THe graD­UaL

Ortho­dox Priest?

SFX - - Reviews -

re­leased 15 sePTeM­ber 352 pages | Hard­back/ebook

Au­thor Christo­pher Priest Pub­lisher Gol­lancz

If not quite adrift in time, Ale­san­dro Sussken has dis­tinct prob­lems keep­ing track of the hours and days. That’s be­cause he’s a trav­eller in the Dream Archipelago, a chain of is­lands that defy at­tempts to map them. Take a jour­ney that, in ex­pe­ri­enced time, takes weeks, and months and years pass for those back at home.

Sussken, a suc­cess­ful com­poser, has good rea­sons to want to travel. As a res­i­dent of a fas­cist state that, with echoes of Or­well’s Nine­teen Eighty-Four, is con­stantly at war, he finds the au­thor­i­ties clos­ing in on him – al­beit that his prob­lems with the regime are of a rather un­usual kind: it wants to em­ploy his mu­sic in the ser­vice of the state.

For Christo­pher Priest afi­ciona­dos, both the set­ting and the un­set­tling set-up will be fa­mil­iar. As, to use a handy short­hand, a slip­stream nov­el­ist who draws as much on mag­i­cal re­al­ism as SF, he’s long of­fered read­ers nar­ra­tives where the na­ture of re­al­ity it­self is un­cer­tain.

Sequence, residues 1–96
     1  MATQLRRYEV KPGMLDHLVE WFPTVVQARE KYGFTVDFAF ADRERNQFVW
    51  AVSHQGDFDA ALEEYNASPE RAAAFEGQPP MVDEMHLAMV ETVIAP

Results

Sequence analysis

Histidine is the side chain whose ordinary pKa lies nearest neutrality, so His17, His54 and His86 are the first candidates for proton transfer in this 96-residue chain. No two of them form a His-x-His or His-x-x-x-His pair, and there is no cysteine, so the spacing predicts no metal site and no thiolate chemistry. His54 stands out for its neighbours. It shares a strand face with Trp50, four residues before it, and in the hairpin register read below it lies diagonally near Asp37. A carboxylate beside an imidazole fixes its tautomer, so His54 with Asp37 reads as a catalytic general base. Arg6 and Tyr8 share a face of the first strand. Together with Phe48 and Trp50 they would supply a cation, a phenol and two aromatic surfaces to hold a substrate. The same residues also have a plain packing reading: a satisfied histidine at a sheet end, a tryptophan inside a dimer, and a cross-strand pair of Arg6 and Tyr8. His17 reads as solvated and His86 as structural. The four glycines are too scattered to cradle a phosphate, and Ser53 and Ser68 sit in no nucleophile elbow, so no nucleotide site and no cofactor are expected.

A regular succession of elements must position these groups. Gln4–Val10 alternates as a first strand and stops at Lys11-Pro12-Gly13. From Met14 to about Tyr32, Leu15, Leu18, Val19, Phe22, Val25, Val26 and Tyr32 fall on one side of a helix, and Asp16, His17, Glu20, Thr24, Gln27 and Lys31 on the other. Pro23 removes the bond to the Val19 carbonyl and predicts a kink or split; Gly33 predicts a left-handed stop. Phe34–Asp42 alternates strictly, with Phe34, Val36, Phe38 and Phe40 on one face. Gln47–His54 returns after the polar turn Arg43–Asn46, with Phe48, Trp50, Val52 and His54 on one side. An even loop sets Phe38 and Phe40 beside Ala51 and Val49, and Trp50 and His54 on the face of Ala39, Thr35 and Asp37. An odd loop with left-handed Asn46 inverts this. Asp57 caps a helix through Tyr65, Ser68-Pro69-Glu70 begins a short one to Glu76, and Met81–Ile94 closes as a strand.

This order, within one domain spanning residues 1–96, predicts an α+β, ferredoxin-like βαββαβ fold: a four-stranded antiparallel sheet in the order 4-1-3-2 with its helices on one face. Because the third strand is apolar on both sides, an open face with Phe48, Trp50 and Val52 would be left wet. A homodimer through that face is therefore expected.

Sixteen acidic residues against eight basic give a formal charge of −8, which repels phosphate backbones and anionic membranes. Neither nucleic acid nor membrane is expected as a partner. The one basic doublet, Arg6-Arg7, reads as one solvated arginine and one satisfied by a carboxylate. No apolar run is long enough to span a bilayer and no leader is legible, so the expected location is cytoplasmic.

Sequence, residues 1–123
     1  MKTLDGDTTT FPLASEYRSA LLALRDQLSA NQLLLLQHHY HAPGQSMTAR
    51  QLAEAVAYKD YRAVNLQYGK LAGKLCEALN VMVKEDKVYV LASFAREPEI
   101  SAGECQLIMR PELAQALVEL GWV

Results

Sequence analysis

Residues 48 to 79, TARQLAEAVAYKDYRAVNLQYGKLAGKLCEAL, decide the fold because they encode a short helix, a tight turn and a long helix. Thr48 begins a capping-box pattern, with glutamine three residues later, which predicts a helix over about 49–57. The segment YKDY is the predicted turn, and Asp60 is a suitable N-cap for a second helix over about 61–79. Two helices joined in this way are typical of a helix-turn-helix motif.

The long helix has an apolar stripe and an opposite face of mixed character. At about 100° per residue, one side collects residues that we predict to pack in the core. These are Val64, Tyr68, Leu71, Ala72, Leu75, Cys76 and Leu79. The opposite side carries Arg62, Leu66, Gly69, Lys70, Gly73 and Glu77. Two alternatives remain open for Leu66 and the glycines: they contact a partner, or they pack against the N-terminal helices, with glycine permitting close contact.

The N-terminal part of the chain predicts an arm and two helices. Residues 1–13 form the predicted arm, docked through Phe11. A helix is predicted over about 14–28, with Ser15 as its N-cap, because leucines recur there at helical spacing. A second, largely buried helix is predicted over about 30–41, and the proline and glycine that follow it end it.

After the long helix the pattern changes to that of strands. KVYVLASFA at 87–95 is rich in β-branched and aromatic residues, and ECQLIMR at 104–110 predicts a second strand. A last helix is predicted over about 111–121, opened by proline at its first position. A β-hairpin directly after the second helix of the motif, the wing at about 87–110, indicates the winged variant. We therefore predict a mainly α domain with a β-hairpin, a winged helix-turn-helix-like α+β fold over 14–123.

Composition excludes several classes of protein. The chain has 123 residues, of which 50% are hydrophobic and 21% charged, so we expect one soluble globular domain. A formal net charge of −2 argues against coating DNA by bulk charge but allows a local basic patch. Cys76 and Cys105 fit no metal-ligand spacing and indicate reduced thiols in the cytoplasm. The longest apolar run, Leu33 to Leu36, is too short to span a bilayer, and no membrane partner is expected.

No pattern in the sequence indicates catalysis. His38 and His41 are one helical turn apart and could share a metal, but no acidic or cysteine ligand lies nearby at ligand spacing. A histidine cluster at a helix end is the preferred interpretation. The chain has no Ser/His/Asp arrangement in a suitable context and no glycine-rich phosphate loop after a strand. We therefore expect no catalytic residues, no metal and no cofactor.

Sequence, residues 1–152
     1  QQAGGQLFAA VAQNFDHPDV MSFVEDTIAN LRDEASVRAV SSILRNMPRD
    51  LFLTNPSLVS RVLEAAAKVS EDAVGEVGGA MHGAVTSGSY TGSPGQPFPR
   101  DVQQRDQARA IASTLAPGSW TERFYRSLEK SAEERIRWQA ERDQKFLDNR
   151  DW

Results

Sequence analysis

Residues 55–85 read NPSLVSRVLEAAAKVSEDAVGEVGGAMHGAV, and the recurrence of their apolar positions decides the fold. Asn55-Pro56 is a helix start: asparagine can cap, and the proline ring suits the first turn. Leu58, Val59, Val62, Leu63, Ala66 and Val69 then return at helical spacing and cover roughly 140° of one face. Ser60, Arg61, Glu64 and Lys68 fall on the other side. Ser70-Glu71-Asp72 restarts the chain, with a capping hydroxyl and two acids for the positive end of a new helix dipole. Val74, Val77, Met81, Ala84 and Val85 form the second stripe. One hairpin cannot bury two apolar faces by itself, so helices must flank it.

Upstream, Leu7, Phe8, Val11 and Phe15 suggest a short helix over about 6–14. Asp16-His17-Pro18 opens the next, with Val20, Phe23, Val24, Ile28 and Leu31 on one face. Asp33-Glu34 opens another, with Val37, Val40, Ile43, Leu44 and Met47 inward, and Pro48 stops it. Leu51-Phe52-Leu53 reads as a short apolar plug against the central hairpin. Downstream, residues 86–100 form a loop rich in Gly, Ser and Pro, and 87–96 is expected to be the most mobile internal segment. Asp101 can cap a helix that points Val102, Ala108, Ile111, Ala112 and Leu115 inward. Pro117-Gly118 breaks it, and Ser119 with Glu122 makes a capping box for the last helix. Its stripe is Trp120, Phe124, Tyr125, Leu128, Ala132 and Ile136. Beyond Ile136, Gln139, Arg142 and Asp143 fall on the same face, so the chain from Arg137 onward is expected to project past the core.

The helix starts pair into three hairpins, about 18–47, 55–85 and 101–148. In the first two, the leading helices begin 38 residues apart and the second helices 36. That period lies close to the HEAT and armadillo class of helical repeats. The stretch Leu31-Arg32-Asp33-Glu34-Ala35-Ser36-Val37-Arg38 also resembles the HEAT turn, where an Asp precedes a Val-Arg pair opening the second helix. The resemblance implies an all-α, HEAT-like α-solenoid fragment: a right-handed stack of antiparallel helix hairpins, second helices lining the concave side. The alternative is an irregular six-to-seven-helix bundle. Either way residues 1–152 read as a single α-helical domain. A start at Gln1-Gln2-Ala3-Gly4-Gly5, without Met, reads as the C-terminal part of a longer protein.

That said, as Priest him­self has noted in a blog post, this is in many re­spects a more con­ven­tional work than other re­cent of­fer­ings, a book driven by “a straight­for­ward nar­ra­tive told in se­quence”. It makes The Grad­ual one of Priest’s most ap­proach­able nov­els.

It also has a warmth that’s far less ev­i­dent in many of Priest’s ear­lier books. That’s be­cause a key theme is the way we ex­pe­ri­ence time, the way our older selves can con­nect vividly with some­thing that hap­pened years ago. Tied up with this is an ex­plo­ration of our re­la­tion­ships with those clos­est to us. As Sussken be­comes “adept” at moving through life, these be­come, if not eas­ier, some­how sweeter and clearer. Or per­haps it’s just that we give up fight­ing with lovers and sib­lings as we draw closer to death? Priest, in­ci­den­tally, is 73.

A novel that may well in­vade your own dreams, both in good ways and bad. Jonathan Wright

One of Priest’s most ap­proach­able nov­els

Priest was driv­ing through Hunger­ford at the time of the 1987 mas­sacre. He only found out about it an hour or so later.

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